Software Planning 101: Part 3/7

The Levels of Abstraction for a Software Solution

To make decisions for the software dimensions, almost never the requirements alone provide enough information. The context around a decision needs to be understood. To capture the context we introduce abstraction levels.

Solution Abstraction Levels

An abstraction is used to focus on a specific aspect of the solution. A solution needs to be considered end-to-end. Therefore we introduce six abstraction levels.

Abstraction 1: Business Product

The value of the product to the business and the consumer are defined in this abstraction.

  • What is the purpose of the company?
  • What does the company try to achieve by creating this product?
  • How does the product fit in the existing and future product portfolio?
  • How does the product differentiate from other competitive products?
  • What problem does it address of the consumers of the product?

This is often expressed through Vision, Mission, Objectives and Goals, competitor analysis, and more.

We try to understand: how the product is helping the business being successful.

Abstraction 2: Functional Product

In this abstraction the functional aspect of the product is defined.

  • Who are the users?
  • What features does the product have?
  • What functionality is provided by the product?
  • What information is used (consumed or produced) by the product?
  • How do the users consume the product?

Documents that capture this are: Product Requirements Documents, Use Cases, User Stories, and more.

We need to understand the functionality that the product is delivering to the users.

Abstraction 3: Conceptual Architecture

This abstraction defines how the functionality of the product is accomplished. If well defined, and it should, this architecture can be used to manually mimic the required software, and thus understand what should happen by the software.

  • What problems are we tackling and what is the approach?
  • What are the concepts are involved?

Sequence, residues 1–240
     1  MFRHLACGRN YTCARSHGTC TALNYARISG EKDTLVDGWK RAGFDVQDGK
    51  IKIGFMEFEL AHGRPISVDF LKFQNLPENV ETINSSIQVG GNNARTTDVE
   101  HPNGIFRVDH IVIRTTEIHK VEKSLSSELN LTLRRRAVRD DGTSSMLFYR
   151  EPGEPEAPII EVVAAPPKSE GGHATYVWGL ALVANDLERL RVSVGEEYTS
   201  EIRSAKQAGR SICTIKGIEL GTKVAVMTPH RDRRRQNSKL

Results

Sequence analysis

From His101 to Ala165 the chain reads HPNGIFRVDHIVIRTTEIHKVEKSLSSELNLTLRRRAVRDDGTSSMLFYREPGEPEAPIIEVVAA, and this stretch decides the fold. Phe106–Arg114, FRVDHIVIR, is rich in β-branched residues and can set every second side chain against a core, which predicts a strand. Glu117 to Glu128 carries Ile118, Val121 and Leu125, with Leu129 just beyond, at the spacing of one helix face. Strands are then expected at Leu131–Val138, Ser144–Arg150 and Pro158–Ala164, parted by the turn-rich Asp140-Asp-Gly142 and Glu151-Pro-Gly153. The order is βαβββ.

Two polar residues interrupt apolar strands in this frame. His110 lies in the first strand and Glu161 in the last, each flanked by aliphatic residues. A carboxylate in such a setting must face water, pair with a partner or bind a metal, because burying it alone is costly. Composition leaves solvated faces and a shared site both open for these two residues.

• What (external) actors interact with the concepts?
  • How do the concepts interact to accomplish a specific functionality?

This will be captured in Conceptual Architecture Documents. Conceptual architecture talks only about concepts and does not include any technical information.

This conceptual solution defines the what of the requested software solution.

Abstraction 4: Logical Architecture

This abstraction focusses on the high-level aspects of the software dimensions. The goal of doing logical architecture is to minimize the effort for future changes to the system.

  • What entities do we need to model the concepts of the conceptual architecture?
  • What components are needed to achieve the interactions of the conceptual architecture?
  • What responsibility has what component?
  • What is the high-level interface of a component?
  • What are the dependencies of the components?
  • How do all the components interact together to achieve a specific system functionality?
  • How are the entities transformed into different data formats and models through the system?

All this is captured in the Logical Architecture Document of a system, written by a system architect. It only talks about logical data models/entities and components and does not include any specific technology decisions.

The logical solution focusses on the where of the requested software solution.

Abstraction 5: Technical Design

This abstraction level looks at a specific component of a system and how we can use what technology to implement the component. The goal is to minimize the effort and risk to implement a component.

  • What technologies (programming languages, databases, etc...) are used?
  • What configurations are needed?
  • What is being logged?
  • What exceptions can be raised?
  • What classes/files need to be created?
  • What code/statements need to go in what file?
  • What data types, encodings, and transformations are needed?

The information is captured in a Technical Design Document, written by a software designer. It translates the non-technical description of the logical architecture into technology dependent implementation.

The technical design focusses on the how of the requested software solution.

Abstraction 6: Physical Operation

This abstraction level focusses on the exact behavior of the software in a production environment.

  • What files are read/written?
  • What network connections are set up?
  • What mutexes are used?
  • How much disk space is consumed by the application?
  • How much CPU load is consumed by an application?

This layer is often not explicitly documented, but we name this layer, as maintaining and bug fixing first need to focus on this abstraction to understand what is going on. After they understand the behavior another abstraction level can be used to figure out what is going wrong where in code (if applicable).

Conclusion

Using the different abstraction levels helps to understand the requirements and the context of a product. To make a software plan for a product the solution abstraction levels can be leveraged. As defined earlier, software planning itself is only a step in the SDLC and thus does not cover all abstractions. A software solution plan defines the Architecture and Design: abstractions 3 - 5.

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